A new world order and China’s key role

Por • 2 nov, 2013 • Sección: Economía

Henry C K Liu

This is the first in a series

The unraveling of the global financial network and trading system since the onset of the global financial crisis that began in New York in mid-2007 has continued for more than five years with no end in sight, despite coordinated, extended monetary easing by many central banks to shore up a seriously impaired neoliberal global financial system that has been disintegrating at the core from its own internal contradictions.

The primary reason for the ineffectiveness of an aggressive monetary response to induce economic recovery is that the large quantity of new money created by central banks has been channeled into a global banking system terminally infested with a fatal financial virus in the form of a gigantic debt bubble.

The world’s central banks all belong to a powerful ideological fraternity that subscribes to the group-think of bankrupt doctrines of monetarism promoted by the US Federal Reserve.

Since the onset of the 2008 credit crisis, central banks have morphed from their original role of being lenders of last resort to prevent cyclical panic bank runs from turning into a systemic crisis of no confidence in the financial system under their separate jurisdiction, to a new controversial role of being market-makers of last resort in a hopelessly dysfunctional economic world order infested with an extreme case of financial moral hazard and an unstable financial market structure flooded with unmarketable troubled assets left by a collapsed giant price bubble created earlier by excessive debt made available by misguided central bank monetary laxative.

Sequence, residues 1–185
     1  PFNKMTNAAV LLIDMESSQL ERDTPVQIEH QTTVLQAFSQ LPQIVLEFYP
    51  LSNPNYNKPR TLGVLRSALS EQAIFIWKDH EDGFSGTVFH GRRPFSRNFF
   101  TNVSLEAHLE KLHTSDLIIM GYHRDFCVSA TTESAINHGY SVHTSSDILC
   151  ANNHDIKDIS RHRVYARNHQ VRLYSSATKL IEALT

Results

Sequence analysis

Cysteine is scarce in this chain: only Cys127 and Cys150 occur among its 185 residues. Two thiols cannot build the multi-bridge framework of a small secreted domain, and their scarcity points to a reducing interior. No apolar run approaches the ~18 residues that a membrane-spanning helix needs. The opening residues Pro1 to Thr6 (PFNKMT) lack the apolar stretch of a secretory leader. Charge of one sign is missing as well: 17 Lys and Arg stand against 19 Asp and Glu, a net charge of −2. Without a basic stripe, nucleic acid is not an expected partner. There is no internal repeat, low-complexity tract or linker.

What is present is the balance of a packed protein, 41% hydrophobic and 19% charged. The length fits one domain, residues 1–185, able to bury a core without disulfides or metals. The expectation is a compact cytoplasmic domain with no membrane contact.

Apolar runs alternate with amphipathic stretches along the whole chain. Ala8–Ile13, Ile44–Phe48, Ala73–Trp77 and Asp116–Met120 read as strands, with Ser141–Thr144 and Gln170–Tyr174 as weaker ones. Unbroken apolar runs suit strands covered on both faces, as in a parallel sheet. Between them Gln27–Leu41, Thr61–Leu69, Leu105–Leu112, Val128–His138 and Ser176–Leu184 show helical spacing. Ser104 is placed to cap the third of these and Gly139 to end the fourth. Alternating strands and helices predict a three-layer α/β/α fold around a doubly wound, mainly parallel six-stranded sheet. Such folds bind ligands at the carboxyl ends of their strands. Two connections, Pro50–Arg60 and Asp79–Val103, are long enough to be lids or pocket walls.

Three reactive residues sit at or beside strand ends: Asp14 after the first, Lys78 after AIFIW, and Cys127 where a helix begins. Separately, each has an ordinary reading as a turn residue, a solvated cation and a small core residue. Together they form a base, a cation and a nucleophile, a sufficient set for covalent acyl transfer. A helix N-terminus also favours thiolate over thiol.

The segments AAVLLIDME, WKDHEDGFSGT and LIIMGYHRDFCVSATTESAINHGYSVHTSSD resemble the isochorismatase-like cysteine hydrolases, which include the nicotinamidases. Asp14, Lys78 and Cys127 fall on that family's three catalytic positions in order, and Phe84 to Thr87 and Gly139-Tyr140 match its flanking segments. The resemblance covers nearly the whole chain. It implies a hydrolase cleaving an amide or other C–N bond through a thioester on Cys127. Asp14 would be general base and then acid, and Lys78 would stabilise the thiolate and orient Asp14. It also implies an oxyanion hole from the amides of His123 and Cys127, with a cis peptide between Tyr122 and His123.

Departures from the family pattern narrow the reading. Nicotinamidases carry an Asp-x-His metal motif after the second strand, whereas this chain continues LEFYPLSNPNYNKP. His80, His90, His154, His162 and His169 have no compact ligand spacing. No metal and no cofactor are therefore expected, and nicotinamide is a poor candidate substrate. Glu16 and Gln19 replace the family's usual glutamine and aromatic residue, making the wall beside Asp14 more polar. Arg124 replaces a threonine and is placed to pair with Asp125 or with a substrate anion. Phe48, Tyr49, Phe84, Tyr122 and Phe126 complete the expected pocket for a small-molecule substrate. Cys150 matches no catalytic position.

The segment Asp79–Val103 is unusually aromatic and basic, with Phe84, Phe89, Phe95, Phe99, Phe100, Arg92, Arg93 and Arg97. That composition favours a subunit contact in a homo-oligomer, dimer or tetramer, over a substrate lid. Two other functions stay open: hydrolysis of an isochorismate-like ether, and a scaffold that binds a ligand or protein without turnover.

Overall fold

The world’s under-capitalized, debt-infested, essentially insolvent commercial banks of systemic significance have used the new, basically cost-free money from central banks to avoid insolvency through deleverage – unloading at face value their large holdings of overpriced illiquid troubled asset with fallen market value onto the balance sheets of central banks that have unlimited power to create money out of thin air to drop as if from helicopters, not on the economy at large as needed, but into the under-funded reserve accounts these insolvent banks are required to keep at the electronic vaults of central banks.